“Out of the Darkness” is not an easy story to read. It chronicles how two psychologists who had previously devoted their careers to training US troops to resist abusive interrogation tactics teamed up with the CIA to devise a torture program and experiment on human beings. The story is a torrent of information artfully webbed into a fluid narrative, fleshed out with specific, vivid details. It has all the elements we’ve come to expect from strong investigative longform journalism, albeit from an unlikely outlet: The American Civil Liberties Union.
One doesn’t typically think of the ACLU as a journalism outlet, so I reached out to the story’s author, Noa Yachot, to hear more about how the piece came about, and the ACLU’s role as publisher (the story was also syndicated on Medium). Yachot is a communications strategist at the ACLU, and she spoke to Longreads via email. Read more…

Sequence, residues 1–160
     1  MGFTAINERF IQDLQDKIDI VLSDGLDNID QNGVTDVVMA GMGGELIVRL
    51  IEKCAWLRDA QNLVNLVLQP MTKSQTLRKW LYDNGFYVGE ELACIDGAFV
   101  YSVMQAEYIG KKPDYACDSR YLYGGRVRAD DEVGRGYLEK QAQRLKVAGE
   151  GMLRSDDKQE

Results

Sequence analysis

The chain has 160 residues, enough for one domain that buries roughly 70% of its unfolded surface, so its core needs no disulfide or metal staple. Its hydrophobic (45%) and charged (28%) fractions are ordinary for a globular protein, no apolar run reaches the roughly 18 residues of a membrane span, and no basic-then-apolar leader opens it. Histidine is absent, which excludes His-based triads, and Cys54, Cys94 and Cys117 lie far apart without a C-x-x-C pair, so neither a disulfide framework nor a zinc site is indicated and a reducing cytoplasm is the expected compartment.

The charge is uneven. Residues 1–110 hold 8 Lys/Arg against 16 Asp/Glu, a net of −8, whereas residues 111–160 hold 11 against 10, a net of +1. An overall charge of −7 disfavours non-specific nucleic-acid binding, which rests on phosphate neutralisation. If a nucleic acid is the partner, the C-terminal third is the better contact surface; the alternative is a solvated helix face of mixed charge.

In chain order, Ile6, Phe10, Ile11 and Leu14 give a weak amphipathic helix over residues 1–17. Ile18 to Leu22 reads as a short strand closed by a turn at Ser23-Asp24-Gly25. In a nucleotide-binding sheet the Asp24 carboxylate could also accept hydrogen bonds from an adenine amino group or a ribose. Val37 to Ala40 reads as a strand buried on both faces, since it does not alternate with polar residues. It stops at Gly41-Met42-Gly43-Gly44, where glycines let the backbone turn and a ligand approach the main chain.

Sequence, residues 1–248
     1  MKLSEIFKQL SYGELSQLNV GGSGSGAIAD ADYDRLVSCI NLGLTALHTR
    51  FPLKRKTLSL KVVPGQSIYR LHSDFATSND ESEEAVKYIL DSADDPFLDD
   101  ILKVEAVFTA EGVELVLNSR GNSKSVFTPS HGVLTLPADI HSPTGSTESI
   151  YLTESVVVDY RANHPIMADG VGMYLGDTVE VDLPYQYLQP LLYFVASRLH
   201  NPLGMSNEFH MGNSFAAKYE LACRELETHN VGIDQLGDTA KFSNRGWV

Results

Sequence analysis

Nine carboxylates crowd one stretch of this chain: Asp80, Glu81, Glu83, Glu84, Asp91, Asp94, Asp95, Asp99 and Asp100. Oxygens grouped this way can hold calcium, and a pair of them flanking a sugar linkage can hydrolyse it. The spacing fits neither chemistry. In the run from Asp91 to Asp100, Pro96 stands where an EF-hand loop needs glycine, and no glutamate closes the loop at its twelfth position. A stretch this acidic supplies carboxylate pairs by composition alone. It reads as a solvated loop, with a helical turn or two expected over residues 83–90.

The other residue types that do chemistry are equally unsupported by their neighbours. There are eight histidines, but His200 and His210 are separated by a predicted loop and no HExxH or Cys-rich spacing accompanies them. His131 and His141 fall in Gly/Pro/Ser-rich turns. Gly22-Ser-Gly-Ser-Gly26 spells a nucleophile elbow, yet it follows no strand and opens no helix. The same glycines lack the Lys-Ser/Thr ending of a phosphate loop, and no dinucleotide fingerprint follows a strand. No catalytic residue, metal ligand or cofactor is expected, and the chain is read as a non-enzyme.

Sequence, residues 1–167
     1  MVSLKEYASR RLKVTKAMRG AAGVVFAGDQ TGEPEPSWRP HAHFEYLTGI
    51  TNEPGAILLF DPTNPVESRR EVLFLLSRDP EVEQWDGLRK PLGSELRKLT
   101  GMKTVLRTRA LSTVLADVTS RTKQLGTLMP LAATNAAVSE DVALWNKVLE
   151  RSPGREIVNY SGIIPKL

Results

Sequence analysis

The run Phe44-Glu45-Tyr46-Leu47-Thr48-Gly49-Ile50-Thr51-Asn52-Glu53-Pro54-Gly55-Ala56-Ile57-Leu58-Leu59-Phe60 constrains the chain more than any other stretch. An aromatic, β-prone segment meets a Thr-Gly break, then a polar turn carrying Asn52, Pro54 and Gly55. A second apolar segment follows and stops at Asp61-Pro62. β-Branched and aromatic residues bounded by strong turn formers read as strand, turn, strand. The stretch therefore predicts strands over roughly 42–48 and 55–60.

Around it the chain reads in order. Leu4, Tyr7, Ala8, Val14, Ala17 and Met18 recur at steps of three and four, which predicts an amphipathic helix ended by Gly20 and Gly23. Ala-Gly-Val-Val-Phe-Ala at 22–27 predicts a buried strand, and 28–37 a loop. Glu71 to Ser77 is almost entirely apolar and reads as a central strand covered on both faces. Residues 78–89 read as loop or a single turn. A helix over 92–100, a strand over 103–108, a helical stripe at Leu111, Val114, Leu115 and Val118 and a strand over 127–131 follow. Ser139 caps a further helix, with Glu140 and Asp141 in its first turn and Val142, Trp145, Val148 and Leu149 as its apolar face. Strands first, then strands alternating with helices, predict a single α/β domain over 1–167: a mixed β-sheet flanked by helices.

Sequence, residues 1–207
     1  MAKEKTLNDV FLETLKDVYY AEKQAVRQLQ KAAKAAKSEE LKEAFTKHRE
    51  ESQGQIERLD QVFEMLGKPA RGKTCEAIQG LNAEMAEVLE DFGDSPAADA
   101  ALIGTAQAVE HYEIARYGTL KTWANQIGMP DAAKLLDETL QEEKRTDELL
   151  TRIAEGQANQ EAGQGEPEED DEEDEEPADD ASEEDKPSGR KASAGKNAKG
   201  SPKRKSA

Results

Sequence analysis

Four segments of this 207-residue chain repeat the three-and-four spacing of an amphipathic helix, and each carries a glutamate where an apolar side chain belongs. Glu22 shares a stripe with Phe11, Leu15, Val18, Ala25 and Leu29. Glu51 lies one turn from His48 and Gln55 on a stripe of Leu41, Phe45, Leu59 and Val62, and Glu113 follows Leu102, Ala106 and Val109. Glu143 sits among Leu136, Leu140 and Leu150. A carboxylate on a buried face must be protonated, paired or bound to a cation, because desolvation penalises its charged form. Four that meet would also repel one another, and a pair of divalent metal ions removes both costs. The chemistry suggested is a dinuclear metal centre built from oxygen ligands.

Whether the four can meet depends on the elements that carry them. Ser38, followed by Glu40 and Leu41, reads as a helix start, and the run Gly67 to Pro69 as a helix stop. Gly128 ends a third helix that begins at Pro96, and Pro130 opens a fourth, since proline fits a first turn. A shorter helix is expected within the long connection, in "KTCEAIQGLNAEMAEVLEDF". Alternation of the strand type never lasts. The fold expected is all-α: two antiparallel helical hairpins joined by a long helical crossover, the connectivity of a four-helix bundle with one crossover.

“You build a prison, and then you’ve got to find someone to put in them,” said Texas state Sen. John Whitmire, who has seen five of the 13 Criminal Alien Requirement (CAR) prisons built in his state. “So they widen the net and find additional undocumented folks to fill them up.”
Most of the roughly 23,000 immigrants held each night in CAR prisons have committed immigration infractions — crimes that a decade ago would have resulted in little more than a bus trip back home. And now, some of the very same officials who oversaw agencies that created and fueled the system have gone on to work for the private prison companies that benefited most.
The low-security facilities are often squalid, rife with abuse, and use solitary confinement excessively, according to advocates.